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Airbnb listing in Chinese and other languages

hosting

#1

Hi, I’m a host in central London. I’m considering the advantages of having my airbnb listings in both English and Chinese and adding “Chinese” as an additional host language so that it can appear in more filtered searches. I think airbnb uses google translate for the site in China, but that’s generally an inadequate translation.
Does anyone have experience in having their Airbnb listing in multiple languages…Chinese or others? Did it bring you more business?


#2

We have our listings (Lima, Peru) in English and Spanish. The reason for this being that the vast majority of latino’s (at least the ones who have never lived in the USA) don’t speak any english, and the other reason being that there is still a surprising number of tourists that travel to Latino-America without any knowledge of Spanish. In the end I decided to not put our listing in the other languages I speak, because I don’t want to create expectations, in case I myself am not around.

If it brought us more business? Hard to say, there’s no way of knowing for sure, but considering what I just wrote, I would say without a doubt.


#3

Well there isn’t such a language as ‘Chinese’ but you could consider translating your listing into the main languages spoken in China; Mandarin and Cantonese.

Hard to tell if it will bring you more business.

I have my house rules translated into Mandarin and Cantonese as I get many guests from China, and other countries where the main language is Mandarin or Cantonese.


#4

My listing and house rules (separate document) are in Mandarin and Spanish as well. I get bookings from Chinese visitors in July during the summer school break very consistently and I think it’s because there’s comfort in seeing a listing in a major US city in their language.


#5

I believe it does make a difference. My Airbnb is in English, Chinese and French and we have had a few French/Chinese guests asking about our listing. The problem is less having to translate the listing but communication with the guest before and during their stay.


#6

I have all my listings translated in Chinese. I speak Chinese, the google translate to Chinese is not good. I inputted everything myself. I got lots of guests from China and Chinese live in the US. But I think not only because I have listing in Chinese, I also communicate with them in Chinese. Most Chinese travel from China don’t really speak good English. So I am able to talk to them and give them some local info that helps a lot. I have mixed feeling about Chinese guests. Most of them are very needy, high maintenance, have tons of questions before and during stay. They don’t read any of the instructions I sent to them. They will ask any details that you can or can’t image. They believe you are at their service at anytime. The good part is they are not partiers, don’t make any trouble. That’s also very important for us.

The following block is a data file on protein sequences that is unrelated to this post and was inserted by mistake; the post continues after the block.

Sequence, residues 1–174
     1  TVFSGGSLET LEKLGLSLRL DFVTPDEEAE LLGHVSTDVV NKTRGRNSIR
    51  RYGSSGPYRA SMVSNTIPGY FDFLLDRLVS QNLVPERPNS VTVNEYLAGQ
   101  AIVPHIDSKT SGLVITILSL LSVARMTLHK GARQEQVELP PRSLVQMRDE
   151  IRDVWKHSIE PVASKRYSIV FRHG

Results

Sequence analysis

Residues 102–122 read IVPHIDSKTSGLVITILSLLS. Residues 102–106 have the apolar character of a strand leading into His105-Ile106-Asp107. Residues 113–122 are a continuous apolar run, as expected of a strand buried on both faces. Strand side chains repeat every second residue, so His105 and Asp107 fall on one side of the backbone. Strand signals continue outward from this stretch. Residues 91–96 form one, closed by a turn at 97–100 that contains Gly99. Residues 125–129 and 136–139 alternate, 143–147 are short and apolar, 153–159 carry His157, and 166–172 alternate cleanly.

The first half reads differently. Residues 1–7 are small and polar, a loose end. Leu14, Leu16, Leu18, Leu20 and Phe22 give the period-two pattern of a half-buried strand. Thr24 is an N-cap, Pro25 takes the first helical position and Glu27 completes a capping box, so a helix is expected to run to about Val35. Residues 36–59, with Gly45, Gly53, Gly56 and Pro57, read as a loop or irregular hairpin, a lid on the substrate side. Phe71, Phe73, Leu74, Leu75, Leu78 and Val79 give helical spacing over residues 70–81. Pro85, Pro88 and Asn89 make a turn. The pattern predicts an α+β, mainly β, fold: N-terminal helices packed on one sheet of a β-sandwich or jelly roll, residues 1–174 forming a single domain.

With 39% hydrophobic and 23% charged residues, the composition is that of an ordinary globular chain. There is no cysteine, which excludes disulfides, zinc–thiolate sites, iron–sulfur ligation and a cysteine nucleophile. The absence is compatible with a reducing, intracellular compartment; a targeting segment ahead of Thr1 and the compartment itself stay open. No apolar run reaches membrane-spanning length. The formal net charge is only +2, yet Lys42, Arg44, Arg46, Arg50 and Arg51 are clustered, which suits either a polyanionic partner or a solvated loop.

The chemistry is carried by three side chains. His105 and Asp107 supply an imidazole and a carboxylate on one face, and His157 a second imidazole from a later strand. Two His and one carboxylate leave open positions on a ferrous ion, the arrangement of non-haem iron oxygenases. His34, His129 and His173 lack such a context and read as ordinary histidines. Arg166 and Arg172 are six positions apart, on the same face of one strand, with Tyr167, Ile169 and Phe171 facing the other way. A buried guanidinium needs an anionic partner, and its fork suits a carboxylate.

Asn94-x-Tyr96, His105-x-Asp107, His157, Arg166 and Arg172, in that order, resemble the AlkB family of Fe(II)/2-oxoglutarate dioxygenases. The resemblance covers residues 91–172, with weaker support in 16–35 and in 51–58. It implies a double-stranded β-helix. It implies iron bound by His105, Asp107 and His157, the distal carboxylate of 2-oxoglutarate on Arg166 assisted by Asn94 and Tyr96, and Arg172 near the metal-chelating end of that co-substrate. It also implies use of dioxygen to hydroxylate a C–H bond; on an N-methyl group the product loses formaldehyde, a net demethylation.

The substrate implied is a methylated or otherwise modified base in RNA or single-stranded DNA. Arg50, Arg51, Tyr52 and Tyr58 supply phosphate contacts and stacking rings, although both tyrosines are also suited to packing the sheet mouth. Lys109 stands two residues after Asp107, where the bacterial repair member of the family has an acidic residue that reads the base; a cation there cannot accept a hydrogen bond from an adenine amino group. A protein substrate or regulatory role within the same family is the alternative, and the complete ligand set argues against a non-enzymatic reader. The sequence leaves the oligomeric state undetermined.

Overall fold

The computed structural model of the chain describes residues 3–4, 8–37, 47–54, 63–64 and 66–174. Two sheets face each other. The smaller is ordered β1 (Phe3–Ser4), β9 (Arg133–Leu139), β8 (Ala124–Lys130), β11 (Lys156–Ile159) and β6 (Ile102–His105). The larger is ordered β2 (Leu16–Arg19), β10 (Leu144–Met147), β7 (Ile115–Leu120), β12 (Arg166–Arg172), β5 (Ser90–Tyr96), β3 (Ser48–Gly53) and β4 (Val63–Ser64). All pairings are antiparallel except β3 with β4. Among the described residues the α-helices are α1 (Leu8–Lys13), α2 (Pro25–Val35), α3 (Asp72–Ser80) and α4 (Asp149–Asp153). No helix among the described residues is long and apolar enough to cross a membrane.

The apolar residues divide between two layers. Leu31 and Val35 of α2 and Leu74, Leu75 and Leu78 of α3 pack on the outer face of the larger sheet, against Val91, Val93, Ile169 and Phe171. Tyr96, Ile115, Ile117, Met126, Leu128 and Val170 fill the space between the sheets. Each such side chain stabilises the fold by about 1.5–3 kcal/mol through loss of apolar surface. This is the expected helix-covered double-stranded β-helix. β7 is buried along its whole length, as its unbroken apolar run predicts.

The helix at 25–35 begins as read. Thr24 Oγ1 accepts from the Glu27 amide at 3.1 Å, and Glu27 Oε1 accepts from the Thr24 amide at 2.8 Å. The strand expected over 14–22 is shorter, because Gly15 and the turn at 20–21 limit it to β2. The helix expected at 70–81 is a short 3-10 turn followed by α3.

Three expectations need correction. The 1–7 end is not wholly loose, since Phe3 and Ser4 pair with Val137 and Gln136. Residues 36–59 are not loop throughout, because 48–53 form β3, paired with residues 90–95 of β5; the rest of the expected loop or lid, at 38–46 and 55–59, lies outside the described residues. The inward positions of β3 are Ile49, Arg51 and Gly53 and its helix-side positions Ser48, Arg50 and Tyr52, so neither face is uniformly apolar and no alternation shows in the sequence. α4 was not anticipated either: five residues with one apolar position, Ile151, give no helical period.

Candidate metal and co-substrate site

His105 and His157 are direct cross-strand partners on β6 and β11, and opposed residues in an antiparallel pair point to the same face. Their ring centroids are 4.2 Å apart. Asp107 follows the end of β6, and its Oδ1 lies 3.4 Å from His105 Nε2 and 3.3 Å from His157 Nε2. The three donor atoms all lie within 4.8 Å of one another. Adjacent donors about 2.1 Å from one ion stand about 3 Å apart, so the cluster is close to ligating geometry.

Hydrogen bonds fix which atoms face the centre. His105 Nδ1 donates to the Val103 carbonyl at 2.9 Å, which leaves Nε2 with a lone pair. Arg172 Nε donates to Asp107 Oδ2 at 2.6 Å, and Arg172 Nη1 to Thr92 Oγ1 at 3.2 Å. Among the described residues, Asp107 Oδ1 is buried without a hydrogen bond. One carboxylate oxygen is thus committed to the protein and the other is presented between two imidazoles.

#7

Thanks all for sharing your experiences. For those of you who have listings in english and chinese. Do you also translate the title of your listing to make it more obvious in searches?
If I don’t speak a particular language, but instead pre-translate some common instructions and responses, and use that in conjunction with Google translate for unforeseen questions, would I be able to get by? Particularly with Chinese visitors?


#8

I believe it mainly depends on the location. Since you are located in central London, I believe having other languages will definitely help. It is even better if you can communicate in these languages.

I have English and Chinese on my listing, but I got very few Chinese guests (approximately 3 out of 60, though I’m sure they booked because my listing can be seen in well written Chinese). Reason being most tourists from China will choose to stay in CBD of Melbourne, and my listing is 30 mins drive away from there. The rest will stay close to their families and friends but my area has a very low percentage of population from Chinese background.

One thing worths noting, there were a few more enquiries from Chinese guests other than the three bookings. Most of these guests had no idea where my listing is actually located, they just knew it was in Melbourne region, but in reality it is far from where they supposed to seek accommodation, I ended up referring them to the right suburbs. Hence I doubt they were attracted to my listing only because it can be viewed in Chinese.


#9

My experiences are the same as @Ping. Chinese guests are not the best guests, they don’t follow rules and are very high maintenance.


#10

I think that’s rather a wide generalisation. Mine have all been polite, friendly, clean, tidy and low maintenance. And have followed all my house rules.


#11

Yes, it is a generalization. There are 1.3 billion Chinese people out there. It definitely isn’t the case all of them are like that. Just my own experience.


#12

I think that’s why it’s better to say “In my experience”. Its a shame that there is so much ‘bashing’ of people from Chinese communities in this and other forums.


#13

from my experience It wont help if you dont speak this languages yourself. as guests will start asking you for other info in their language


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